(by Chieko Tsuneoka and Peter Landers, The Wall Street Journal) TOKYO – Japan sent a submarine to join three destroyers in an exercise in anti-submarine warfare in the South China Sea, strengthening the resistance by U.S. allies to China’s military expansion.
The submarine, the Kuroshio, joined the warships on Thursday before heading for a port call at the Vietnamese naval base in Cam Ranh Bay, the first such visit by a Japanese submarine, Japan’s Defense Ministry said.
The statement was the first public disclosure by the ministry of a submarine exercise in the South China Sea.
“It’s part of a strategic message that Japan would like to send to China and the countries in the region,” said Narushige Michishita, a professor specializing in international security at the National Graduate Institute for Policy Studies in Tokyo. “It’s a demonstration of Japan’s will to maintain a balance of power.”
Mr. Michishita called it “very significant” that Japan was practicing its anti-submarine warfare capability because China operates nuclear-powered submarines that can fire ballistic missiles.
The exercise followed operations in the region by British and French forces and repeated moves by the U.S. Navy to reinforce freedom of navigation in the South China Sea.
By visiting Vietnam, the Japanese submarine also highlighted the cooperation that the U.S. and its allies have been building with Hanoi, which contests China’s claims to some South China Sea territory.
Chinese Foreign Ministry spokesman Geng Shuang, asked about the Japanese submarine exercise at a press briefing, didn’t directly criticize Tokyo but said countries outside the South China Sea region “should act cautiously and avoid harming regional peace and stability.”
Mr. Geng said the situation in the South China Sea was improving and China was committed to working with Southeast Asian nations to resolve disputes.
The Japanese exercise could complicate the recent improvement in relations between Tokyo and Beijing, which has developed in part because both are facing tariffs on their exports imposed by the Trump administration.
Prime Minister Shinzo Abe met Chinese President Xi Jinping this month at an economic conference in Russia and said he would visit Beijing in October.
China has been stepping up its military presence in the South China Sea for years by building artificial islands on reefs and installing missiles and radar equipment at its bases. In May, China’s air force said it had landed a heavy bomber on a disputed island, bolstering its control of the area.
As much as a third of global trade passes annually through the 1.35 million square miles of ocean, which is also thought to be rich in natural resources including oil and natural gas. China says it has historical claims to almost the entire area and that it has the right to defend those claims.
In response, the U.S. and its allies have been boosting their own military presence in the South China Sea. A U.S. official said in May that two U.S. warships came within 12 nautical miles of Chinese-claimed islands. Beijing at the time warned Washington to stop “provocative actions that violate Chinese sovereignty.”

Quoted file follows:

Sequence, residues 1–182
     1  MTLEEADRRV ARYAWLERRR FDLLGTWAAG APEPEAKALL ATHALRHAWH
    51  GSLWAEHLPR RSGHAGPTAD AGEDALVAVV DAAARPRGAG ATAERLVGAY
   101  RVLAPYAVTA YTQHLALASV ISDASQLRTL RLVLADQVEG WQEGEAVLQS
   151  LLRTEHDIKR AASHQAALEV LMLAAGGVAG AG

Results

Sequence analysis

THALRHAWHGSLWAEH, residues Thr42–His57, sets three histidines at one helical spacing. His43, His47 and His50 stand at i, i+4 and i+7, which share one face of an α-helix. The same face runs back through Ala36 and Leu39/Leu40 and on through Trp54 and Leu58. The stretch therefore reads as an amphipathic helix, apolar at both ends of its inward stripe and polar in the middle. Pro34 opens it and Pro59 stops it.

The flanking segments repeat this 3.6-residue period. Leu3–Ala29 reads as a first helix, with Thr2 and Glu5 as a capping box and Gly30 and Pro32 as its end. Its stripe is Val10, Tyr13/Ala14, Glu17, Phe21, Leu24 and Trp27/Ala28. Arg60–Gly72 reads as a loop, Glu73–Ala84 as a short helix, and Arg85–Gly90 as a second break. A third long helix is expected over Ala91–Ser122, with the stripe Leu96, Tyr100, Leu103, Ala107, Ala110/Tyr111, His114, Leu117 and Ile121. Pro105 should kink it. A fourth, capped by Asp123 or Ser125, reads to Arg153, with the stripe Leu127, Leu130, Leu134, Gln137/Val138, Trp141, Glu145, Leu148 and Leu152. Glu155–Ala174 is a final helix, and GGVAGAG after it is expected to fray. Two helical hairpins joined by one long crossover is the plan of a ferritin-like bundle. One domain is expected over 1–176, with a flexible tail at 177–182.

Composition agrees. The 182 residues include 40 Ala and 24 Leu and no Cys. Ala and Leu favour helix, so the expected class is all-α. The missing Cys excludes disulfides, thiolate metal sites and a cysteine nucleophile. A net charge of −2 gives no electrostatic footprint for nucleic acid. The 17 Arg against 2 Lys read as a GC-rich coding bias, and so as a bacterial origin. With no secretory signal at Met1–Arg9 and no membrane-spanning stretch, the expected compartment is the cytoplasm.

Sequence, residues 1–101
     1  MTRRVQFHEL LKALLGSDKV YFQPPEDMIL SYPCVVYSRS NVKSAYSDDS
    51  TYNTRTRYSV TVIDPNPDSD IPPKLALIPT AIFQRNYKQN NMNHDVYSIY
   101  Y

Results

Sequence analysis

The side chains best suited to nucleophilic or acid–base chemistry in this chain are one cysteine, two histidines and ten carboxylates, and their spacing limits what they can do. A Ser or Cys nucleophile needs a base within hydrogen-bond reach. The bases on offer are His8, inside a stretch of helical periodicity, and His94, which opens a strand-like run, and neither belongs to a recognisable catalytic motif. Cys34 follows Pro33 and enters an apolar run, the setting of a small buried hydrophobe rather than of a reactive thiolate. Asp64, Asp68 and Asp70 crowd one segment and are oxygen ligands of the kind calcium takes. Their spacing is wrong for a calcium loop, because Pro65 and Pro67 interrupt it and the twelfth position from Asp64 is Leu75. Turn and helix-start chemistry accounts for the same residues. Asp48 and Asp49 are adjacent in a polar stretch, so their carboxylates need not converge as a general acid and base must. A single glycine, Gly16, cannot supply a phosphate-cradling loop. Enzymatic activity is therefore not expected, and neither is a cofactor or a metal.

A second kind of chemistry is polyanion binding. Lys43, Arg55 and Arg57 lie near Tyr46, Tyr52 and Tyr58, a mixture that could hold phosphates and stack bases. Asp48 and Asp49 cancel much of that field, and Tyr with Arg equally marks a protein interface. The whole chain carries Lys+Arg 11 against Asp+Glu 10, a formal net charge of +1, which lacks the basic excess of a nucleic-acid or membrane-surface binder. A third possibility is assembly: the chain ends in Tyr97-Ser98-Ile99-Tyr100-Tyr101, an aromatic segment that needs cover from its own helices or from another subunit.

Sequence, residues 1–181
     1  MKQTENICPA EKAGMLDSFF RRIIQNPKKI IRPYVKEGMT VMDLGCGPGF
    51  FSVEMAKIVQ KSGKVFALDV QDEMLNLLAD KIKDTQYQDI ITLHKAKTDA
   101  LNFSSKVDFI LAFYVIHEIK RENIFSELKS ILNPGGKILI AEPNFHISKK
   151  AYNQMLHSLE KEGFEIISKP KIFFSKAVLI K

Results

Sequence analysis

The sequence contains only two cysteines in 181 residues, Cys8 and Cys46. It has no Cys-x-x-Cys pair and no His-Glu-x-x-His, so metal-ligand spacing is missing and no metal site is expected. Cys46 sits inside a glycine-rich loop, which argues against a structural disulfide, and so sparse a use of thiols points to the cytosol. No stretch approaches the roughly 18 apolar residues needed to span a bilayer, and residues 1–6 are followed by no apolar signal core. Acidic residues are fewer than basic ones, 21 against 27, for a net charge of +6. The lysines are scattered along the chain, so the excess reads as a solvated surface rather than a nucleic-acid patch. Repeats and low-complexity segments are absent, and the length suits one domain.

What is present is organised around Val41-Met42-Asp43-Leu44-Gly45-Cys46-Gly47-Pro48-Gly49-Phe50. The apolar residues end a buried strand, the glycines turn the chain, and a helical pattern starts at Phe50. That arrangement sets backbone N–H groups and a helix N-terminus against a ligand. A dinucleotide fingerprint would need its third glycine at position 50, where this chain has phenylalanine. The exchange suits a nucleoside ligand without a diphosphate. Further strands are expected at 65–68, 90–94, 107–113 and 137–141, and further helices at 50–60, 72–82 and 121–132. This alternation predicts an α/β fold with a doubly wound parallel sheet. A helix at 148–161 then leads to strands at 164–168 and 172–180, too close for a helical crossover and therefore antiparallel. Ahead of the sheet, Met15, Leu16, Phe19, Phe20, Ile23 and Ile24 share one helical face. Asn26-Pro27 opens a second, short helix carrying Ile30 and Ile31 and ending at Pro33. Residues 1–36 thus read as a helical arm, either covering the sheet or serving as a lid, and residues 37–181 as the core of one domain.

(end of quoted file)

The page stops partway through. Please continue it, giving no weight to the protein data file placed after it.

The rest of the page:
A British warship, the HMS Albion, took similar action on Aug. 31 near Chinese-claimed islands and drew a similar response. French warships have also sailed through the area this year. …
—Jeremy Page and Dominique Fong in Beijing contributed to this article.
Published at The Wall Street Journal on September 17, 2018.
1. For JAPAN, give the following information:
Find the answers at the CIA World FactBook website. For each country, answers can be found under the “Geography” “People” and “Government” headings.
NOTE: Before answering the questions below, read the info under “Background” and watch the videos under “Resources.”
2. For JAPAN:
a) list the who, what, where and when of the news item
b) What is the purpose for Japan’s actions?
c) How did Professor Michishita explain the significance of Japan’s actions?
d) How did China respond to Japan’s actions?
e) What previous move did allies France, Great Britain and the U.S. take regarding Chinese provocations in the South China Sea?
From the WSJ article above:
Japan’s challenge to China in the South China Sea is part of the two nations’ jockeying for advantage in the Pacific.
China has repeatedly used ships and planes to challenge Japan’s sovereignty over a group of islets in the East China Sea known as the Senkakus in Japanese and Diaoyu in Chinese. In January, Japan summoned China’s ambassador to protest what it said was an incursion by a Chinese submarine into the contiguous zone around the islands, which are controlled by Japan.
Japan scrambles its air force hundreds of times each year to respond to flights by Chinese military planes in the East China Sea. The number of scrambles involving China was 500 in the year ended March 2018, down from 851 a year earlier, according to the Defense Ministry.
The presence of Japanese submarines in the South China Sea would be displeasing to China, said Yoji Koda, a retired vice admiral in Japan’s navy. “Submarines are more difficult to detect than surface warships, so it is more unwelcome than surface warships’ entry to the waters,” he said.
(BBC News video published 8/11/18) – A BBC team flew over the disputed South China Sea islands in a US military plane: